What It Is: Nine years after Pixar’s series ended pretty definitively, it’s another Toy Story movie, in which Woody, Buzz Lightyear, Jessie, and the rest of the gang have new adventures with their owner Bonnie. This project has gone through many forms on its way to production, first being billed as a romantic comedy and losing a director and multiple screenwriters.
If You Need Convincing: The story now seems to revolve around a creature called Forky (Tony Hale), a plastic spork who gained sentience when someone glued googly eyes onto him and began using him as a toy. If you’ve been waiting for this series to delve into the philosophical underpinnings of toy consciousness, your moment has arrived.
Ford v. Ferrari (June 28)
What It Is: James Mangold (Walk the Line, Logan) tells the story of a pitched battle between Ford and Ferrari at the 1966 24 Hours of Le Mans race, during which the titans of the American motor industry endeavored to create a car from scratch that could beat the perennially dominant Italian company.
If You Need Convincing: This is a more old-fashioned, star-driven biopic, the likes of which Hollywood rarely sees in the summer anymore. Christian Bale stars as the driver Ken Miles, while Matt Damon plays Carroll Shelby, the designer who crafted the famed Ford GT40.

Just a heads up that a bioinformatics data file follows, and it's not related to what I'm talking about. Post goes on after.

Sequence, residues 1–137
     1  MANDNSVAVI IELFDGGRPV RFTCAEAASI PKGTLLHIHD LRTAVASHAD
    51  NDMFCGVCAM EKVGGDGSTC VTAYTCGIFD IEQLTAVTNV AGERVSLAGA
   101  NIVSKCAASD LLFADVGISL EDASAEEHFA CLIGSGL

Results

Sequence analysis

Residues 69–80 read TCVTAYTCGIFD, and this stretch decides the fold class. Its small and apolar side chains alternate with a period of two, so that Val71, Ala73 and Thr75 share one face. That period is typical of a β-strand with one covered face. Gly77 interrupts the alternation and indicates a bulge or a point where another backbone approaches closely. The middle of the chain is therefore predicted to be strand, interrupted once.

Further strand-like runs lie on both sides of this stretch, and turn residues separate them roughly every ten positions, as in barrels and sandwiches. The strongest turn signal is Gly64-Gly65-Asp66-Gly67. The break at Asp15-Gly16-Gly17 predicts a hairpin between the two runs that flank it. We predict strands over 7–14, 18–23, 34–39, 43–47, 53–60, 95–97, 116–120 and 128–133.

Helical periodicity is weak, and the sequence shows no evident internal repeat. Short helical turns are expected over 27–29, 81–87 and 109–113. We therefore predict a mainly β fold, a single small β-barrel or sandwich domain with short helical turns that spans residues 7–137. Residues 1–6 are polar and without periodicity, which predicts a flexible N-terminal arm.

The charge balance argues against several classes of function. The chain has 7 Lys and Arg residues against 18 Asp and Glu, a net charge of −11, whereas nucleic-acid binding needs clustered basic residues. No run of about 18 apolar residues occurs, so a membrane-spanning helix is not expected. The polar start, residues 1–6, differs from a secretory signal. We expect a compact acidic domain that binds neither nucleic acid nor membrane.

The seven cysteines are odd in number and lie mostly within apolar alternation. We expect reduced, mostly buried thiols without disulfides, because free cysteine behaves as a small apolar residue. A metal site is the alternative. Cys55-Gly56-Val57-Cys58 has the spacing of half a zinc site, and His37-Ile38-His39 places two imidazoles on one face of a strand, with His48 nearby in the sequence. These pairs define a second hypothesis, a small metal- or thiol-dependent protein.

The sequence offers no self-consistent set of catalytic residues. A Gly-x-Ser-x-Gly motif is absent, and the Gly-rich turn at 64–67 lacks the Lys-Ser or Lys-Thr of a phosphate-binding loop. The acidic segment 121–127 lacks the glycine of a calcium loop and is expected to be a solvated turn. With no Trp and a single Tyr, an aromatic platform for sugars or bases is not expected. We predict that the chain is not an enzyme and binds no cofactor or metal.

The Lion King (July 19)
What It Is: You remember The Lion King? The animated film from 1994? Well, this is just that, rendered in glorious CGI and furnished with an all-star cast including Donald Glover, Beyoncé, and a returning James Earl Jones. The initial teaser is essentially a shot-for-shot remake of the original movie’s opening, though Disney has assured folks that the entire film won’t be quite as imitative.
If You Need Convincing: This film is stretching the limits of the phrase “live-action remake,” given that it features no actual human performances, but the director Jon Favreau did a solid job with The Jungle Book, and this promises to be similarly spectacular-looking.
Once Upon a Time in Hollywood (July 26)
What It Is: Summer 2019’s think-piece nexus. It’s a film set around the time of the 1969 Manson murders, directed by Quentin Tarantino, in which Roman Polanski, Sharon Tate, Steve McQueen, and, well, Charles Manson feature as supporting characters. Bound to cause a bit of a stir.